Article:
A Psilocybin Advocate Considers the Lessons From Portland’s Shroom House

What will be the legacy of an illegal, but very popular, psychedelic mushroom boutique?

Evan Segura (Courtesy Evan Segura)

For six weeks, Shroom House sold psychedelic mushrooms from a shop on West Burnside. It wasn’t a psilocybin speakeasy. Shroom House advertised with seven signs, including a billboard across the street. It tweeted news stories from WW and others.

Thousands flocked to the store, some waiting six hours to buy what has lately been hailed as a wonder drug. Rigorous academic research shows that psilocybin can help with depression, alcohol abuse, and post traumatic stress disorder. And tripping is fun.

Shroom House on Burnside was the company’s second store. It has another one in Vancouver, B.C., where at least five shroom shops operate in violation of Canadian law.

The holiday wonderland vanished early last Thursday, when police raided Shroom House, arresting the owner, a hip-hop artist from Canada named Tony Tachie, and several employees. A judge set Tachie’s bail at $1.5 million, quashing the notion of a shroom-friendly Stumptown.

So, what did we learn here? We asked Evan Segura, former president of the Portland Psychedelic Society, an all-volunteer organization that seeks to educate people about the power and potential of psychedelics. Segura stepped down from the top job just a few months ago and remains a member of the society.

What was Shroom House’s endgame? Were they expecting to stay open forever because the cops are busy with other things, or because Portland is tolerant of psychedelics?

I think they were doing two things. They were looking to make a massive profit, which they did. And I think they wanted to push the envelope and create a decriminalization culture in Portland the same way they did in Vancouver, B.C. I think Shroom House did it a little too early in Portland.

What did we learn from Shroom House’s run?

The really important takeaway from Shroom House is that we saw thousands of people, some driving 10 hours to get this medicine. I think a lot of people are going to see this and say, “You know, we can do this the right way.”

Are we not doing it the right way with Measure 109, the 2020 initiative that made psilocybin legal in controlled, therapeutic settings?

No. If you ask the average person in Oregon what Measure 109 did, most don’t know. The Oregon Health Authority has really botched the public education opportunity they’ve had the last two years. People are so confused about what is going to happen here. They’re going to go to the next Shroom House that opens up and think they’re doing something completely fine.

What should we anticipate in January, when Measure 109 really kicks in and the state starts accepting applications for growers, service centers and trip facilitators?

There are going to be huge headlines about how now you can legally access psilocybin. But there will be an asterisk, or fine print, saying that it has to be at a regulated, licensed service center and it will cost $3,000. But a lot of people are going to read the big shiny letters. And so there’s going to be additional confusion.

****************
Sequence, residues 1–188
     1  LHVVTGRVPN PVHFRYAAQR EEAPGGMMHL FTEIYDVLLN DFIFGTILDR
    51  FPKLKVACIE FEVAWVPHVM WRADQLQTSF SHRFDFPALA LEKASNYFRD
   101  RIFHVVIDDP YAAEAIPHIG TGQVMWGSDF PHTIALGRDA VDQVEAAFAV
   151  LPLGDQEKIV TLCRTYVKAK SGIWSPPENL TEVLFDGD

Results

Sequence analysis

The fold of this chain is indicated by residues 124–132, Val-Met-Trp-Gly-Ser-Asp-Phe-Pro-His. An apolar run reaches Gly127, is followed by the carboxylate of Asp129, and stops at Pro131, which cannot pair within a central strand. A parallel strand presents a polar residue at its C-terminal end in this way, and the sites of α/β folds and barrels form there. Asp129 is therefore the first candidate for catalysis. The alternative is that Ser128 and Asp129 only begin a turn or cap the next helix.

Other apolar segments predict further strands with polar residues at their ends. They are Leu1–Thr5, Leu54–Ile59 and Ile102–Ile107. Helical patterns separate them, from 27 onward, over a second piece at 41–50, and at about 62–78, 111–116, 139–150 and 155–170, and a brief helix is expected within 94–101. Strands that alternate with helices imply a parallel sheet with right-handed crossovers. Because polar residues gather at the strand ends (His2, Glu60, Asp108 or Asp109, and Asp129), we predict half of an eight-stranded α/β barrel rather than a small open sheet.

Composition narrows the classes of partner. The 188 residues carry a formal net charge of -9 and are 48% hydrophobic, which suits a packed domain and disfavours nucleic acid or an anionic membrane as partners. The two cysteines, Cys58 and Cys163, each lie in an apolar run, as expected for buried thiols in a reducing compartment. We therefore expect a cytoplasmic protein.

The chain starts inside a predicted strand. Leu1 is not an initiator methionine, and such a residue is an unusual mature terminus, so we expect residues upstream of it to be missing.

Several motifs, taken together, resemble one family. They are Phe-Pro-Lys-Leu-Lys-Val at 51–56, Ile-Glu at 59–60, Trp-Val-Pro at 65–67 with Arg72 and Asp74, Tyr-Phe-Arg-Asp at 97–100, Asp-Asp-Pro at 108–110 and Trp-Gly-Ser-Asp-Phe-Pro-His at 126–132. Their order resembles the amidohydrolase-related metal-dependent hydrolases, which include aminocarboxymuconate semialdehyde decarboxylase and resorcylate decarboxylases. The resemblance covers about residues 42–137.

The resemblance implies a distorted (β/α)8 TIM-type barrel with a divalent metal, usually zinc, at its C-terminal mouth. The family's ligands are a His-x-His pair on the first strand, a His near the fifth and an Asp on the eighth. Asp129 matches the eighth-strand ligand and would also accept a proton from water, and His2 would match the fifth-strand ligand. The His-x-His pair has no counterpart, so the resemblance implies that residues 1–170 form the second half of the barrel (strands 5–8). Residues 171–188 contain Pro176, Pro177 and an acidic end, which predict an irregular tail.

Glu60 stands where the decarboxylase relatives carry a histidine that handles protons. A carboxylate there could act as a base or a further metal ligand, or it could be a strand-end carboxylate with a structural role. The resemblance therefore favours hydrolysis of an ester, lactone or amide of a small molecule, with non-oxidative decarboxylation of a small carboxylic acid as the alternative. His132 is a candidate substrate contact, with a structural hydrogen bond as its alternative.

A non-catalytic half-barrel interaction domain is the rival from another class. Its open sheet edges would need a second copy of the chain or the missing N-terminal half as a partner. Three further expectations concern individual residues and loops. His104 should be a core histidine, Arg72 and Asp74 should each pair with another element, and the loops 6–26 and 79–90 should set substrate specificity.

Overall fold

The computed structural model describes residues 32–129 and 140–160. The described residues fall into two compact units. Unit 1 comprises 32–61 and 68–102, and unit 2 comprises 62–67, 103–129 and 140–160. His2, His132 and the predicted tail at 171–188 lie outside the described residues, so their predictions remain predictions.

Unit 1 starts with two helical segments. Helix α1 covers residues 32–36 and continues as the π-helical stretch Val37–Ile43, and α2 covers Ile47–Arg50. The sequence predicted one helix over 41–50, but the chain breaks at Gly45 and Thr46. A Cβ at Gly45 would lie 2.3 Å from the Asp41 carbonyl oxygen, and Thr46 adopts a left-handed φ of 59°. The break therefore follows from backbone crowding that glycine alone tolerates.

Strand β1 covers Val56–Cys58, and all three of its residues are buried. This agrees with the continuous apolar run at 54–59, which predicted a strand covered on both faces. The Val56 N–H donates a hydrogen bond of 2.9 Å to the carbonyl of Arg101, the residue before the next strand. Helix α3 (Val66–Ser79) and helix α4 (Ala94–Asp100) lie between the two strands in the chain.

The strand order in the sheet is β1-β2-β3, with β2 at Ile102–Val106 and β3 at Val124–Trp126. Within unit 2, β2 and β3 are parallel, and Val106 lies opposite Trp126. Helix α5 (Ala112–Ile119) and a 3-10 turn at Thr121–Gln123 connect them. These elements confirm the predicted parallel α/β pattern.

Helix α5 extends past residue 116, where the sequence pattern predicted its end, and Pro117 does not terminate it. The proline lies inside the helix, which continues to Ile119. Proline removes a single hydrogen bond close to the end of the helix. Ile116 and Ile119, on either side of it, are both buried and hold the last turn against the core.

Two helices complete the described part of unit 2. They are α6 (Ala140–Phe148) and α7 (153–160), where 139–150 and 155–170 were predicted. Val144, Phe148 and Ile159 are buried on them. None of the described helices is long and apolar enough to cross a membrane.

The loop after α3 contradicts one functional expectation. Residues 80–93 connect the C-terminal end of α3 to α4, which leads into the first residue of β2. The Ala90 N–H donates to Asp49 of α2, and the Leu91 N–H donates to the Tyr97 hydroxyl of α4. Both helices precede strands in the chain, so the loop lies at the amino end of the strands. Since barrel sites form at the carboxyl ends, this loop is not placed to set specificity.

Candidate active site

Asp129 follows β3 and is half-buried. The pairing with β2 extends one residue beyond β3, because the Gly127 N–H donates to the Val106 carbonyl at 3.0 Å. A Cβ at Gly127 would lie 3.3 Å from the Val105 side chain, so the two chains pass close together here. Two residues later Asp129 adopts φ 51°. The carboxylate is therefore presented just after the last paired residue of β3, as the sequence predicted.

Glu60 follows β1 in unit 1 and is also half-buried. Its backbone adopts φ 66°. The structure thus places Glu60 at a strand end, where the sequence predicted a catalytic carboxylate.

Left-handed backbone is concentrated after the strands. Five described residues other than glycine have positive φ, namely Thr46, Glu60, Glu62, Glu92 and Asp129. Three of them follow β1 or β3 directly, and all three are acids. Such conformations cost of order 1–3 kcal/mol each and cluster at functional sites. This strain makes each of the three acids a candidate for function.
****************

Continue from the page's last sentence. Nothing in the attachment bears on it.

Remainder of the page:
You think it’s going to cost $3,000 to take mushrooms one time?

On average, I think it’s going to cost $2,000. Facilitators invest $10,000 in training. Most of them are already licensed therapists who are used to making $120 an hour. They’ll be working eight hours straight. So, that’s almost $1,000. Then you have the profits that the service center needs to make all of their overhead costs, plus taxes, regulation and licensing fees. There will be scholarships or sliding scales from some of the cooler service centers, but not nearly enough to meet demand.

What about insurance?

I think we’re at least three years away from insurance companies providing this for people. And even when it happens, it’s going to be like high-class, expensive insurance companies that are going to add this as a benefit, the same way that most insurance companies don’t offer ketamine-assisted psychotherapy.

If you could change Oregon’s psilocybin program, what would you do?

Decriminalization would come first and foremost, making sure that no additional people were prosecuted for using these safe and effective medicines. I would decriminalize cultivation, making sure that it’s OK for anybody to grow their own medicine, the same way we can with cannabis. And I would decriminalize foraging. Oregon is home to some of the most potent psychedelic mushrooms in the world. They grow in public parks. If more people were able to identify them, they could get their medicine straight from the ground when the rain comes.

So where do we go from here?

The new Colorado law allows growing and gifting. I think we’re going to see the same battle we saw early in the cannabis days, where you could buy a piece of pizza and get gifted an eighth of cannabis. In Colorado, you’re going to be able to buy a book or buy a piece of art and be gifted plant medicine by a friend or somebody running an “art gallery” that is distributing medicine in a safe way. It’ll be like a $50 sticker. You can find people doing that in Portland right now, at farmers markets.

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